The Tragic Real-Life Story Of The Library Of Alexandria

Though not literally one of the Seven Wonders of the Ancient World–that honor went to a nearby lighthouse–the Royal Library of Alexandria was, in fact, a wonder of the ancient world. Conceived in the Hellenistic, cosmopolitan spirit of Alexander the Great, the Library of Alexandria was built by Alexander's successors to be a central location for all information worth knowing. With this lofty goal in mind, the library became a hub for learning around the Mediterranean, and many of the Classical world's greatest minds flocked to it.

Nevertheless, tragedy struck the Great Library and all its invaluable manuscripts were lost. But how could such a thing happen? Who would want to bring ruin to a temple dedicated to learning and the arts unlike any before or since? The answer, it turns out, is more complicated than you might think. Read on for the tragic fate of the Library of Alexandria.

Laying the foundation of the Library

While there is no definitive information on who exactly conceived the idea for the construction of the Library of Alexandria, the spirit of insatiable curiosity behind it doubtlessly started with Alexander the Great, the Mesopotamian conqueror who spread Greek culture around the known world. As the Encyclopedia Britannica explains, libraries existed before the Alexandrian library, but they tended to be local affairs concerned primarily with conserving regional culture and literature. But Alexander's spirit of exploration and thirst for knowledge about the places he conquered infected the zeitgeist of the Hellenistic world that sprung up as a result of his accomplishments.

Alexander's successor as ruler in Egypt, Ptolemy I, is almost certainly the one who took the initiative to conceive the idea of a library containing all human knowledge in order to fulfill Alexander's dream of Alexandria as the epicenter of scientific inquiry and learning in the Mediterranean world. Ptolemy was aided in this pursuit by Demetrius of Phaleron, an exiled Greek philosopher who was given the unenviable task of creating a library that contained a copy of every book on Earth sometime around the year 295 BCE. According to the Greek bishop Irenaeus, Ptolemy wanted to fill "his library with the writings of all men as far as they were worth serious attention." We'll never know if he actually succeeded, but sure, let's say he did. You can't prove he didn't.

Construction begins

Demetrius of Phaleron convinced Ptolemy I to construct the Library of Alexandria as part of a larger temple complex known as the Mouseion, or Temple to the Muses. This temple was both a shrine to the nine goddesses of the arts and learning and also a cultural center for philosophical and intellectual lecture and debate. The name Mouseion is the source of the modern word museum, which continues to be the name for centers devoted to the arts and learning. According to the Ancient History Encyclopedia, the construction of the Mouseion began during the reign of Ptolemy I under the direction of Demetrius, and contained "lecture areas, laboratories, observatories, botanical gardens, a zoo, living quarters, and dining halls." However, the Library itself may not have come into being under Ptolemy I.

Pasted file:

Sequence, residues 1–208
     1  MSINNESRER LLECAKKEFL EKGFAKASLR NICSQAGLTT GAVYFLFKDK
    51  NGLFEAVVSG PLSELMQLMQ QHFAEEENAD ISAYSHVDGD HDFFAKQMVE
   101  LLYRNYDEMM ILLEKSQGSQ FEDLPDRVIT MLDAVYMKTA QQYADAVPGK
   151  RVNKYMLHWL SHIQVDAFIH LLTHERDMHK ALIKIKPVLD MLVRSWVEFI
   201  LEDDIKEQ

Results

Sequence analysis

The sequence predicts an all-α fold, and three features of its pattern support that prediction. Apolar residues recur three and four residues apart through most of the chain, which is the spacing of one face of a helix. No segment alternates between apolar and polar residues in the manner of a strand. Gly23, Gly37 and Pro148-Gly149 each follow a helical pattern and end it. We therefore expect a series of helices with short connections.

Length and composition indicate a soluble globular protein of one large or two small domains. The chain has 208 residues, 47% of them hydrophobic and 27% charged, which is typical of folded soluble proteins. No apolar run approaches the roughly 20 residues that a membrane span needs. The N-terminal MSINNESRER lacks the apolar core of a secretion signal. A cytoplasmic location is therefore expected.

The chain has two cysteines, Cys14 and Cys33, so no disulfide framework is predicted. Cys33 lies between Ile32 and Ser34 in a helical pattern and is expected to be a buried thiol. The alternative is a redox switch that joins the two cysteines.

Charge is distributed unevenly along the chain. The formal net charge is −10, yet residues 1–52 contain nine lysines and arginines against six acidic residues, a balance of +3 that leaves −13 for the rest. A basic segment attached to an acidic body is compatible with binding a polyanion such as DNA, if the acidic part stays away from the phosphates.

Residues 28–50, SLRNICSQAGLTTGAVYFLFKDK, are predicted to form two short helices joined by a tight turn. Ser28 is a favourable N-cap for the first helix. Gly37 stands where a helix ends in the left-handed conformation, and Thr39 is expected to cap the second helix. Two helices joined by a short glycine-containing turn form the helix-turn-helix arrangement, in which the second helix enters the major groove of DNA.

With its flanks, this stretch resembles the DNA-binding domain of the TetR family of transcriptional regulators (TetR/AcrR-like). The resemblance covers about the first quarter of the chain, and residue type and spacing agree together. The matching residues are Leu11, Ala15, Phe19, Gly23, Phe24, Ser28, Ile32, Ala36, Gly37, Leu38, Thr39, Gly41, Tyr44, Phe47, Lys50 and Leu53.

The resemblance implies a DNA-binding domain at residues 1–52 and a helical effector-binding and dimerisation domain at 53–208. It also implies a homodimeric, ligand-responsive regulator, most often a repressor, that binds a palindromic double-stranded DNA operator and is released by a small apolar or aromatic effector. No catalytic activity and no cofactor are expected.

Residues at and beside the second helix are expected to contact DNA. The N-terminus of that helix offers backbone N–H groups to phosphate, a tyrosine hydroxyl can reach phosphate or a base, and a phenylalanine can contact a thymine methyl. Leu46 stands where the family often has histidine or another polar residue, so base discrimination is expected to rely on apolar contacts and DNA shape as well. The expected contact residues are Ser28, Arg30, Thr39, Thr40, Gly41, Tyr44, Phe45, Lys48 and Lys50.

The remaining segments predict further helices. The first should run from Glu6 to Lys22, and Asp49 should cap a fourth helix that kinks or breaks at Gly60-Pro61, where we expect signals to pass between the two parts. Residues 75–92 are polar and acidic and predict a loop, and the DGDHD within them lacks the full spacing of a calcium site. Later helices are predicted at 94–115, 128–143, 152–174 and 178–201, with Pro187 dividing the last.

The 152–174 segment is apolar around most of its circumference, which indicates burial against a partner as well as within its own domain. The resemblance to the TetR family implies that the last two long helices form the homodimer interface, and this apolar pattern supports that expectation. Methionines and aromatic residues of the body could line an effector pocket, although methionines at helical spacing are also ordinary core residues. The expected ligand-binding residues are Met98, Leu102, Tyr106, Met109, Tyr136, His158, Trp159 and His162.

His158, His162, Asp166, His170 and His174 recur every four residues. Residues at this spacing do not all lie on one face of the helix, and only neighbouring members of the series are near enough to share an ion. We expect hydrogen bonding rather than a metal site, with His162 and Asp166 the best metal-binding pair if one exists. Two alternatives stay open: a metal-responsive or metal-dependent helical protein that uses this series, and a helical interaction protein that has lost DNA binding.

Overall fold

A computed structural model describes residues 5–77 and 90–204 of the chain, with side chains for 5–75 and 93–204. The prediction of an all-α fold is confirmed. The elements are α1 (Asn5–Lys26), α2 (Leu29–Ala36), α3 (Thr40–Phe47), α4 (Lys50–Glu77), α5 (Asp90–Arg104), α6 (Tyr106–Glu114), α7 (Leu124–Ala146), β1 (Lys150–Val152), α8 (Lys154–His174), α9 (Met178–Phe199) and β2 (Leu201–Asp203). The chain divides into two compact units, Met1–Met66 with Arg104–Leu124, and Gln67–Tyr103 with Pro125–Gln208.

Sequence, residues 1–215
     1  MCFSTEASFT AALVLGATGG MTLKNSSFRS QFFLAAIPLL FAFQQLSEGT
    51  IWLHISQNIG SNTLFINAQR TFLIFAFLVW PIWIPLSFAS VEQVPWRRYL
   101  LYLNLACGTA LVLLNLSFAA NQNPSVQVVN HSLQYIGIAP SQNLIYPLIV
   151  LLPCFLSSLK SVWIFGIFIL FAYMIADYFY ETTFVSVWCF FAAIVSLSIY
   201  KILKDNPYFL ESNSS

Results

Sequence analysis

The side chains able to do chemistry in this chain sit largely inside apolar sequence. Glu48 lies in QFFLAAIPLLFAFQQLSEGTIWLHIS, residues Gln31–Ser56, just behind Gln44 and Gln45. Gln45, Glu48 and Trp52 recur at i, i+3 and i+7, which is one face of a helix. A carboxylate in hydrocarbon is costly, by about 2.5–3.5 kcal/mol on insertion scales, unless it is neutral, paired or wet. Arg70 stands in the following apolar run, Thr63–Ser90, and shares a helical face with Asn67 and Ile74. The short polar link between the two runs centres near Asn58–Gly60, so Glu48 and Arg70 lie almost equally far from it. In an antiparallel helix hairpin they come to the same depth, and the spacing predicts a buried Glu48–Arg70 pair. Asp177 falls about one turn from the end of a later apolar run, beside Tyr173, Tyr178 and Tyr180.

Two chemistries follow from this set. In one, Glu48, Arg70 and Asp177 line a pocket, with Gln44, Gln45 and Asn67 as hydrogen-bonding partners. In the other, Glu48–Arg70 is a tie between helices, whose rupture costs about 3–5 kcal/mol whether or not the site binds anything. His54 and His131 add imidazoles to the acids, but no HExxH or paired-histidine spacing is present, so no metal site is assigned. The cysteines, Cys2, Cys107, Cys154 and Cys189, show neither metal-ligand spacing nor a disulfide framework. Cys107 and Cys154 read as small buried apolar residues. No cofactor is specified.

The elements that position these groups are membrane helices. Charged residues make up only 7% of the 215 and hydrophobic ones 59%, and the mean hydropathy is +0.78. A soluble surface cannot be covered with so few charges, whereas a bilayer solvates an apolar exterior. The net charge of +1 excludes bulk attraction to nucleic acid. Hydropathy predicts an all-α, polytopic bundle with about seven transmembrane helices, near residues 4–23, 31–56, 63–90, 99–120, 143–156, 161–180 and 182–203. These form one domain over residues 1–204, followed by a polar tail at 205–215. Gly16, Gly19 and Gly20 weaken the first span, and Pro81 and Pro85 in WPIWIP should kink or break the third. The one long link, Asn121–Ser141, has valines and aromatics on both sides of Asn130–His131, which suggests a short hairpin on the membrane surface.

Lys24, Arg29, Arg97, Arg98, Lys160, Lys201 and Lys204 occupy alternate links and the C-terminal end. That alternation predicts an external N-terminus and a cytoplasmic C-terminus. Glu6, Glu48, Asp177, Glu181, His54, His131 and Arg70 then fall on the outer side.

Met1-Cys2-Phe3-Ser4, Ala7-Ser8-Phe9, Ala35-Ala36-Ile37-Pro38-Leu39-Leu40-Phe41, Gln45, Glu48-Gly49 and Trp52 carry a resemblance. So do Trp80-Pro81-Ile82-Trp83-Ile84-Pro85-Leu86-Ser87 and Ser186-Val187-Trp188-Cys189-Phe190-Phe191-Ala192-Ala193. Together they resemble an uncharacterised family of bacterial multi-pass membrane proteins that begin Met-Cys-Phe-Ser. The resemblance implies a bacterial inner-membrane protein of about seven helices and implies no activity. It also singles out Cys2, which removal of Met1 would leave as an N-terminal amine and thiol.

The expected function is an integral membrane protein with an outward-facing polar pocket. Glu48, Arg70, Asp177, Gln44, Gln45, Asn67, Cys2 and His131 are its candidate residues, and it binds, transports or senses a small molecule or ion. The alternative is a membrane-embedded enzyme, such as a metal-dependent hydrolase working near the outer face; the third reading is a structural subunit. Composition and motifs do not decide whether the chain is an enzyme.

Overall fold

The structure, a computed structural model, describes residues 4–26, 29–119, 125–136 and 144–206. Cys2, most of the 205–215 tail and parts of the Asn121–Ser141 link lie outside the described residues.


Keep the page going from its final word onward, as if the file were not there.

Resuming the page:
The earliest source we have on the Library is a document known as the Letter of Aristeas, which says that the Library was actually built by Ptolemy II, under the direction of Demetrius. However, the Letter is a work of Jewish pseudo-history disguised as correspondence between Greek brothers, and its testimony should be taken with a big pinch of salt. For example, we know that Ptolemy II actually had Demetrius executed for supporting his rival, so they probably didn't do a library team-up. That said, the Great Library most likely did begin construction during the reign of the second Ptolemy, sometime between 282 BCE and 246 BCE.

The less than scrupulous hunt for books

Gathering up a copy of every book worth a darn on the planet was no small task. As such, the librarians of the Great Library of Alexandria were known to use a number of fairly ruthless tactics to get the job done. According to the Encyclopedia Britannica, quite a bit of strong-arming was involved. One method for obtaining books involved men being stationed at the harbor of Alexandria whose job was to search every ship that came in and look for books. If they came across any, the books were confiscated, taken back to the library, and copies were made on the spot. The original owners would be given the copy and a sum of money as compensation, and the librarian would add the original to the Alexandrian stacks. Such books were referred to as "from the ships."

Another tale says that Ptolemy III wrote to the governors of Athens to ask for the loan of the complete works of the great tragic poets. These works were kept in the state treasury and were not available for lending. Ptolemy, however, said that he merely wanted to borrow them to make copies and that he would put down a deposit of 15 talents of silver as a security on the loan. The Athenians said okay, and once Ptolemy had the books, he told them to keep the money and sent the copies back to Athens.

Just how many books did the Library of Alexandria have?

It's probably safe to assume that the Library of Alexandria did not literally have every book in the world, even if we reduce the scope to the world known to Europeans in the third century BCE. So how many books did it actually have? BookRiot says that sources indicate that the Great Library housed between 500,000 and 700,000 books, organized into the subjects of rhetoric, law, epic, tragedy, comedy, lyric poetry, history, medicine, mathematics, natural science, and miscellaneous. The Ancient History Encyclopedia suggests that 500,000 books is too large an estimation and that that figure may refer to the number of scrolls, rather than the number of books, many of which would have been made up of multiple scrolls. At any rate, they had enough books that they built a second branch known as the Serapeum, as it was in the district of the temple of Serapis.